Selecting a headstone for our loved one who passed away is not easy, but this article will guide you through the process. Choosing a headstone for our loved ones is an essential step in the healing process after death.
When selecting a headstone, there are several things you need to consider. Understanding the cemetery rules, setting a budget, selecting the appropriate materials and design, and locating a reputable supplier will make selecting a headstone less stressful.
This guide will take you through every step and help you make an informed decision to make things easier.
FOR EASIER NAVIGATION:
- What Is A Headstone?
- Types Of Headstones
- Headstone Materials
- Headstone Finish
- Headstone Design
- Headstone Inscriptions
- Selecting A Headstone
- Additional Selecting A Headstone Questions & Answers
What Is A Headstone?
A headstone, also called a tombstone, gravestone, or grave marker, is a monument placed at the head of the grave to make the location where the deceased is buried.
A headstone will memorialize your loved one for many years to come. The design should mirror the deceased’s personality and how they lived their lives.
To select a headstone, you need to consider the shape, design, and material of the headstone. Also, consider the type of finish, the inscription you’d like to apply, and your budget. The price of a headstone depends on the choices you make.
Types Of Headstones
These are the common types of headstones:
- Flat headstones (flat markers or grass markers) are flat tablets made of stone, concrete, or bronze set flat in the ground. This traditional headstone is available in various colors, finishes, sizes, and materials. The inscription can be placed on the stone or the plaque attached to the stone.
- Raised-top flat marker (bevel markers, rear desk tablet, or sloped) is a block of stone or concrete raised to a slant from the rear or sloping front face.
- Upright headstone – is the most traditional headstone design. It is fixed to the ground with a concrete base, usually made from granite, marble, or limestone. It typically measures 45 inches tall, 30 inches wide, and 6 inches deep.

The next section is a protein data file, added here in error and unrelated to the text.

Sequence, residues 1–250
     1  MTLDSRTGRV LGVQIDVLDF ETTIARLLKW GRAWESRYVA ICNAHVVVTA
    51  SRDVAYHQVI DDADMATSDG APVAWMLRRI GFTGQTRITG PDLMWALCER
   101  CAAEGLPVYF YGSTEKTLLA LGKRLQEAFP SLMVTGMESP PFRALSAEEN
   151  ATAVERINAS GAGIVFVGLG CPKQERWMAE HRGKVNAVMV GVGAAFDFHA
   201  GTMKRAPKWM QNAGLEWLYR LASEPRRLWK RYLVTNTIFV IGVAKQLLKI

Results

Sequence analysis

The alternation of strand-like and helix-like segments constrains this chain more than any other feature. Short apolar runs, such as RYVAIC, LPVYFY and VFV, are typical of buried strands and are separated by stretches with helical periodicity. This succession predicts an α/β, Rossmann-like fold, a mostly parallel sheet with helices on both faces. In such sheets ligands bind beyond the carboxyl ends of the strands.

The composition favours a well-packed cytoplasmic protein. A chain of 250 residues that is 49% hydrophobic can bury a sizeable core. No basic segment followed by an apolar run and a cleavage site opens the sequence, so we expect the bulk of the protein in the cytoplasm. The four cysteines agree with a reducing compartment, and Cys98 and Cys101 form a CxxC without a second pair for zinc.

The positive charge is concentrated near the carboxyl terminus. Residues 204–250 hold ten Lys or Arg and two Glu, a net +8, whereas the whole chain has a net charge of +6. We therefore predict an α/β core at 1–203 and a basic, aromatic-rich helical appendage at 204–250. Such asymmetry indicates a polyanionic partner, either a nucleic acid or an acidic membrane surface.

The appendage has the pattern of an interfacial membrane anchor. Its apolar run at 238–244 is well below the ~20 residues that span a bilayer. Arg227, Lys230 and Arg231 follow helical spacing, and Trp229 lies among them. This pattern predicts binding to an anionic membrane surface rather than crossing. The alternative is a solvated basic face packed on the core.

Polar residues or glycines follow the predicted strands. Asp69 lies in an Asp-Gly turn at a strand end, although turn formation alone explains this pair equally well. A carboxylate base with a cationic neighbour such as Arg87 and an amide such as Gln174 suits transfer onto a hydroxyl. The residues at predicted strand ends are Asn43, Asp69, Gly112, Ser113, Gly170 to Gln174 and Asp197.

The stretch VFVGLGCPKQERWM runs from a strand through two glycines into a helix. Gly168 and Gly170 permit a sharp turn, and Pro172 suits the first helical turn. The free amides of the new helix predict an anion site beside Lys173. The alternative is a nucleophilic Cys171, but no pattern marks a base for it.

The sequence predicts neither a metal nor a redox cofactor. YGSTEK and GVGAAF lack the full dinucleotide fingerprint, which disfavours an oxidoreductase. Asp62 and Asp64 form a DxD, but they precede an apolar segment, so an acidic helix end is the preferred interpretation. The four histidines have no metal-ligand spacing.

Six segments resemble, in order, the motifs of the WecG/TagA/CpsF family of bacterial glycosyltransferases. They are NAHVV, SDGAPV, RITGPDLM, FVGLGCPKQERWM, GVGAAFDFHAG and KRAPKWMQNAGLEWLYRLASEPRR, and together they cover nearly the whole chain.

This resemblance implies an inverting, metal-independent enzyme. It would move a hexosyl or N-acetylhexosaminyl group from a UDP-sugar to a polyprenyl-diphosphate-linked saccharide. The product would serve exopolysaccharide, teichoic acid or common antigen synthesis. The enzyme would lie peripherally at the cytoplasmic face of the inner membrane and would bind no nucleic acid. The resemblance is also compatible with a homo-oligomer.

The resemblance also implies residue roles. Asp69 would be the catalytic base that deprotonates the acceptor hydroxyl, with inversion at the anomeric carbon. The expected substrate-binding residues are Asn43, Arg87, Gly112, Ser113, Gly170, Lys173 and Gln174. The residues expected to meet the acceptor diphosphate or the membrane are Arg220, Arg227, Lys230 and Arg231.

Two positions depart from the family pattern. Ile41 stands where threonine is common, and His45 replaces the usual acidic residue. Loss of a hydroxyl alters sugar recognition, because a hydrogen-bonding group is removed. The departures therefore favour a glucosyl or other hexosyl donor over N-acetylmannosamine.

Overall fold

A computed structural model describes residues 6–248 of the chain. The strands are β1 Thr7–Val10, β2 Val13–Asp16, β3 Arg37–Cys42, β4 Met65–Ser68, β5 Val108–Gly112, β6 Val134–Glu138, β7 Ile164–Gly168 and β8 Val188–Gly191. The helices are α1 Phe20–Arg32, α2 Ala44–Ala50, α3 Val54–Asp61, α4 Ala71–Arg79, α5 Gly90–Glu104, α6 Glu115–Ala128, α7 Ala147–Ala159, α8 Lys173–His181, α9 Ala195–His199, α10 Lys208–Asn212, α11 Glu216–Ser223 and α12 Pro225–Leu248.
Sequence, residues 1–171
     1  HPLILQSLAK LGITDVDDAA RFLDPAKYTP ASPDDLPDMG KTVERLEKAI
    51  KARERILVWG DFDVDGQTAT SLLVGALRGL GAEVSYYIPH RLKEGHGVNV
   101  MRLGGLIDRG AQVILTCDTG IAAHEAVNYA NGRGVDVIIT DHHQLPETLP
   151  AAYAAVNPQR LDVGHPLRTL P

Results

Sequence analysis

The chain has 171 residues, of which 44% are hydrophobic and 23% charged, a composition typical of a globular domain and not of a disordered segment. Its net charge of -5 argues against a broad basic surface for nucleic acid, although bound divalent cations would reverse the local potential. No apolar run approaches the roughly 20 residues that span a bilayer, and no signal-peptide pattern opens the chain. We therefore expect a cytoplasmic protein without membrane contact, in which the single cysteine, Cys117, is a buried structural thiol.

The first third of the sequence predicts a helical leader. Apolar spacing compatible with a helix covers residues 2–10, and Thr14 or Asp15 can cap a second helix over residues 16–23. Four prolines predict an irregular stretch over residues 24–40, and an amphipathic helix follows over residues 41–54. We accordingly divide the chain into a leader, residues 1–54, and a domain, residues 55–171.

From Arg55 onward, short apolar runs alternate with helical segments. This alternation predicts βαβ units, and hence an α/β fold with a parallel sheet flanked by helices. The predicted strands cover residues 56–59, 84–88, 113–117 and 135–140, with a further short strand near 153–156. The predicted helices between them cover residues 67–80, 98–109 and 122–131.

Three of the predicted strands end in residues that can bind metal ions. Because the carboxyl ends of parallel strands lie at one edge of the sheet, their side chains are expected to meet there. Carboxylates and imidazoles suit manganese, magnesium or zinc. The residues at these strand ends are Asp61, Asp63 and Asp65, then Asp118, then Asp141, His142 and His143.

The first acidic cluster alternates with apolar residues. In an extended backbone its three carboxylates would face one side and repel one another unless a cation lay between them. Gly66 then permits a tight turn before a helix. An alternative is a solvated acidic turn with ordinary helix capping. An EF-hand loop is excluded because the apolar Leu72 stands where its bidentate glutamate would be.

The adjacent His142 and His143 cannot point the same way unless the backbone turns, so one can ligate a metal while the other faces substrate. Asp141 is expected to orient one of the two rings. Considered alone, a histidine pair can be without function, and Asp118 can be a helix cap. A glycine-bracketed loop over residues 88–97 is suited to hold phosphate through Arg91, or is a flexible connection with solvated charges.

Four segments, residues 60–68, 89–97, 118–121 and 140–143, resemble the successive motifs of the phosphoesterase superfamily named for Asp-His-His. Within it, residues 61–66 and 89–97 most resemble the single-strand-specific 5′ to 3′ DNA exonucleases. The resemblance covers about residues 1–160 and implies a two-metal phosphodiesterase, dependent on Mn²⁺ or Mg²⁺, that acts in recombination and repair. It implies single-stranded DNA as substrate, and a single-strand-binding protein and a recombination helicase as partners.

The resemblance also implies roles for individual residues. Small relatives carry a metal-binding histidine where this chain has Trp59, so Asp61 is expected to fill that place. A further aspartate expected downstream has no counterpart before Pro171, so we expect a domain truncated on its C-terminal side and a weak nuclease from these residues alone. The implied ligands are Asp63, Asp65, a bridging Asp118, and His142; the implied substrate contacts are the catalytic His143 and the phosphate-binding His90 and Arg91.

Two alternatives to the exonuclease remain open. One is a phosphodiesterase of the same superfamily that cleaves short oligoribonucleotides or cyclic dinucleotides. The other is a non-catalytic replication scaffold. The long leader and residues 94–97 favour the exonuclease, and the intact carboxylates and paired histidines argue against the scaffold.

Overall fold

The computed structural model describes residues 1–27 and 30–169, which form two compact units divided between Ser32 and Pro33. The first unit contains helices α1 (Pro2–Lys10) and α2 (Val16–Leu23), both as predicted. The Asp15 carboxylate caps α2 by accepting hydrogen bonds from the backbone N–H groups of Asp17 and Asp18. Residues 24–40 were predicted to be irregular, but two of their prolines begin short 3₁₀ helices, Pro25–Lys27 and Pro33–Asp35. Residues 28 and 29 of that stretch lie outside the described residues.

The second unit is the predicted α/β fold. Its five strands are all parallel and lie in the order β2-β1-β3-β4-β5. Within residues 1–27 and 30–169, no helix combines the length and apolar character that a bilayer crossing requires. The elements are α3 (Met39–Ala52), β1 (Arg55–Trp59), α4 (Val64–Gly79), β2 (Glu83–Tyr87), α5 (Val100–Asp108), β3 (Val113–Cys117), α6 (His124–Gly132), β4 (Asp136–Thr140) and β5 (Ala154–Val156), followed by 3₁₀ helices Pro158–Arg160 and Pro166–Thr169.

- Kerbed headstone – is a full-length monument that lies flat across the ground and is often used together with an upright headstone.
Selecting the type of headstone will largely depend on your personal preference and budget.
Before choosing the shape, design the finish of the headstone, you should first select the type of stone that the headstone will be made of.
Here are the popular materials of the headstone:
- Granite is the most flexible and adaptable stone. It is available in different colors and finishes and is proven to last. Due to its wide availability, granite has become increasingly affordable and is now one of the cheapest options.
- Marble is a bright material that contains unique blue and grey veins. It is often selected for aesthetic reasons because it is beautiful and smooth material. However, it is not permitted on all burial grounds because it weathers easily; it lacks strength and longevity.
- Limestone remains a popular option. It is a traditional stone that weathers drastically over time. Limestone is not as durable as marble or granite. The soft material makes it vulnerable to environmental decay.
- Bronze is an incredibly durable material that naturally darkens over time and requires little maintenance. It is one of the most expensive options.
- Stainless steel – this is a newer type of headstone. Stainless is a sturdy material that is less susceptible to weathering than most stone materials.
Each material has its advantages and disadvantages, and you have to think carefully about what material is best suited to your situation.
To select a headstone, you need to consider the material’s durability because not durable material will erode and become damaged over a short period and require additional expenditures for repairs.
The headstone finish refers to the way the headstone appears. Headstones can be finished in a variety of ways: